Explore Other Interests
Part of the reason I started my blog because I love to write so much. Putting my thoughts into words helps me process my feelings and express myself. I'm also an avid reader, and I self identify as a "young adult realistic fiction junkie". I've spent the last five summers working in an amusement park where there's never a dull moment. I like spending my Saturday mornings watching TLC with my mom.
Although being a dancer is central to my identity, not everything I do every second of the day has to be about dance. One of my favorite high school teachers once got on her soap box and talked about how we are more than what we do for a job. I am my career, but I am more than that. And getting excited about other things isn't something I should feel guilty about, but be proud of.
Admit How You Feel
Be honest with yourself. If you wake up in the morning and are excited to get to that open class in town, pour some coffee and get yourself over there! If you wake up and need a day of retail therapy, head to the mall. If you wake up and regret it, hit the snooze button and give yourself a break. Life is about balance, and it really is okay to choose non-dance related activities in your free time. Some may argue that you're not going to grow if you don't dance every minute you can, but I'm going to challenge that and say that if you continue to do so eventually you won't choose to dance at all.
Keep Dance Fun
You're not going to love every class you take if you study dance at this level. That's just the reality of college in general. But if you've chosen this path, there is something about dance you just can't get enough of. When I'm feeling burnt out, I try to find fun dance activities to do, like taking a pointe class or designing a creative movement unit plan based on Frozen. I try to balance the parts of dance I struggle in with the parts I could do all day long.
Remember Why You Choose This
The best cure for my burnout is to teach. During college, I worked with both a children's and high school theatre company. Even after a stressful week at school, I loved getting to work with those students and I found so much joy in teaching them. Student teaching was also a challenge, but I left school everyday hoping I would get to work in a school with students that I loved just as much. I keep my card from my 4th graders hung up in my room now, so that when I'm starting to feel burnt out I remember that this is what I was put on this earth to do. Even if I'm stressed now, I don't have to be stressed forever. I can find that joy again.
Burnout is a reality many dancers and teachers will face in the course of their career. Burnout doesn't have to mean it's all over for you, though. Keeping your passion alive is going to be challenging at times, especially in a career that is physically and emotionally draining. Taking a little break here and there does not mean you're any less dedicated or you love dance any less than the next person. If you balance your time, your body, and your mind, and you can stay on the path to success and keep your love of dance alive.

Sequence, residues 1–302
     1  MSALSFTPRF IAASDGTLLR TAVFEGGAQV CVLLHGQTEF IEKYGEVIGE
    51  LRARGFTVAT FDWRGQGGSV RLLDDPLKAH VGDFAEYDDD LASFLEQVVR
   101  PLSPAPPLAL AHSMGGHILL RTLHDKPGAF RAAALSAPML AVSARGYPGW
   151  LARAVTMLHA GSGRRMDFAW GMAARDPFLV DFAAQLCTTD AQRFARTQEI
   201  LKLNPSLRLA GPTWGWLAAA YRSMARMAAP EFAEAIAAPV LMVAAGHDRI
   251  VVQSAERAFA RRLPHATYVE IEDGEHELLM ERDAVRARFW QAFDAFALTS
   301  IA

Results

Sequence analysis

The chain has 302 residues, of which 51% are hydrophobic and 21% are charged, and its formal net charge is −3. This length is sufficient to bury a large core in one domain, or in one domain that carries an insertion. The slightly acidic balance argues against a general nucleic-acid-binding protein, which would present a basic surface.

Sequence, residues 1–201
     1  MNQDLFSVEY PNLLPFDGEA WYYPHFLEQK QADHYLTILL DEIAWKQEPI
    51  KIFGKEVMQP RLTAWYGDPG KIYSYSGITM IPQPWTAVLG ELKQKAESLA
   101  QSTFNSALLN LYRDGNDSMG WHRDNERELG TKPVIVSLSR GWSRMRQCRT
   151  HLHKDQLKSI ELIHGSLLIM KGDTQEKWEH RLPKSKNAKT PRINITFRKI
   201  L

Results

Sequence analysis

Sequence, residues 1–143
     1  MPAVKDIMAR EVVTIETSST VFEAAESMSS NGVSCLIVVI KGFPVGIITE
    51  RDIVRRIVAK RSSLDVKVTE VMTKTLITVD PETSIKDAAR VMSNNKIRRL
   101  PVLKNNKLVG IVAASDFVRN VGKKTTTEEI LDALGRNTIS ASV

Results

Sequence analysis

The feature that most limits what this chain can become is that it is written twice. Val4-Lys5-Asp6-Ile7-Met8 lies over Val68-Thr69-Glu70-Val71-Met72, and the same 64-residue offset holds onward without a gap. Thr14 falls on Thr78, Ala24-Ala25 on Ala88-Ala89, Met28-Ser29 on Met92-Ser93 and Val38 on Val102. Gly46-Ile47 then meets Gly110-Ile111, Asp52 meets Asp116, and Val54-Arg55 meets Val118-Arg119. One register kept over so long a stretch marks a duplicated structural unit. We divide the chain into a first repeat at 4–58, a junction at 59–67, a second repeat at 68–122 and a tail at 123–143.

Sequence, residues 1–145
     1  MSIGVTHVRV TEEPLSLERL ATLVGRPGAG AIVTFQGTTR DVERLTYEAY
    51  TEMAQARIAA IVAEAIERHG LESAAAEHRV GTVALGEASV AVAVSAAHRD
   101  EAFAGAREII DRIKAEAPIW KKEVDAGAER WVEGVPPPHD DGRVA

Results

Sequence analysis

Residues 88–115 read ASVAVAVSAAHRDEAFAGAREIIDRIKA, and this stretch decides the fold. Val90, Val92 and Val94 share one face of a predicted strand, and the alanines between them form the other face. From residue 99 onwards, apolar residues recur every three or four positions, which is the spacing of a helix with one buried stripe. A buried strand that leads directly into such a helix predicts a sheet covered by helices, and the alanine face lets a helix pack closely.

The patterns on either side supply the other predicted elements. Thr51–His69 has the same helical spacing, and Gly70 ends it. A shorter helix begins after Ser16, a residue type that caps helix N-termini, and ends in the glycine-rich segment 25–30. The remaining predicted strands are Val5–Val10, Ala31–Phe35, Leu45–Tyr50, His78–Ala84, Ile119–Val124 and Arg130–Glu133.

Photo from Dance Magazine
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News & Events
9/18 Follow my new Instagram just for my dance things!
12/23 I was one of NDEO's Guest Bloggers this year! Read "Teaching is a Vocation. Not a Fallback" on their Behind the Curtain Blog!
9/27 I will be presenting my research at the National Dance Education Organization National Conference next week! See my research project by clicking the button below!
4/15 While working on PMA's production of The Addams Family, I got to combine my two favorite styles of dance (ballet and musical theatre) for "The Moon and Me"! Watch my talented students dance by clicking the button below!
2/20 I am choreographing PMA Theatre Guild's Production of The Addams Family! Come see these amazing high school students perform at Presentation of Mary Academy in Methuen, MA April 13 & 14! Tickets available at the door.
2/20 I am stage managing BSU's Dance Kaleidoscope this year! Show dates are March 29-31 at Bridgewater State University in Bridgewater, MA. Come see this student choreography showcase!
11/5 I will once again be dancing in a BSUDC concert! Tickets to WinterDance are now available!
8/24 NDEO's National Honor Society for Dance Arts has published one of my articles in their newsletter! Read an updated version of "Audition Advice" here:
5/16 Interested in learning about movement concepts? Visit Becca's new Educational Dance website!
5/8 BSU Dance Company's Dance Kaleidoscope 2017 is now on Youtube! You can watch my performances by visiting the VIDEOS page!
4/23 I recently performed for the residents of Allerton House in Hingham, MA! You can watch part of my performance here!
Amesbury Children's Theatre presents...James and the Giant Peach Jr, featuring choreography by me! Click for tickets!
2/8 My piece "Barefoot" is now available to watch online! Click to watch!
2/5 Happy to say I have been cast in BSU Dance Company's Spring concert Dance Kaleidoscope! I will be dancing in 3 faculty choreographed pieces, including excerpts from The Sleeping Beauty in which I will be dancing the role of Lilac Fairy! Show dates are March 31-April 1 at Bridgewater State University.
Click the button for more info!
1/15 Ballet with Becca is now on Facebook! Click to visit the page, and be sure to like it while you're there!
1/14 I am happy to say I will be attending artEmotion's summer intensive in June! I will be dancing in the one week artEmotion Adult Program. If anyone would like to join or audition for any other artEmotion program, visit their website!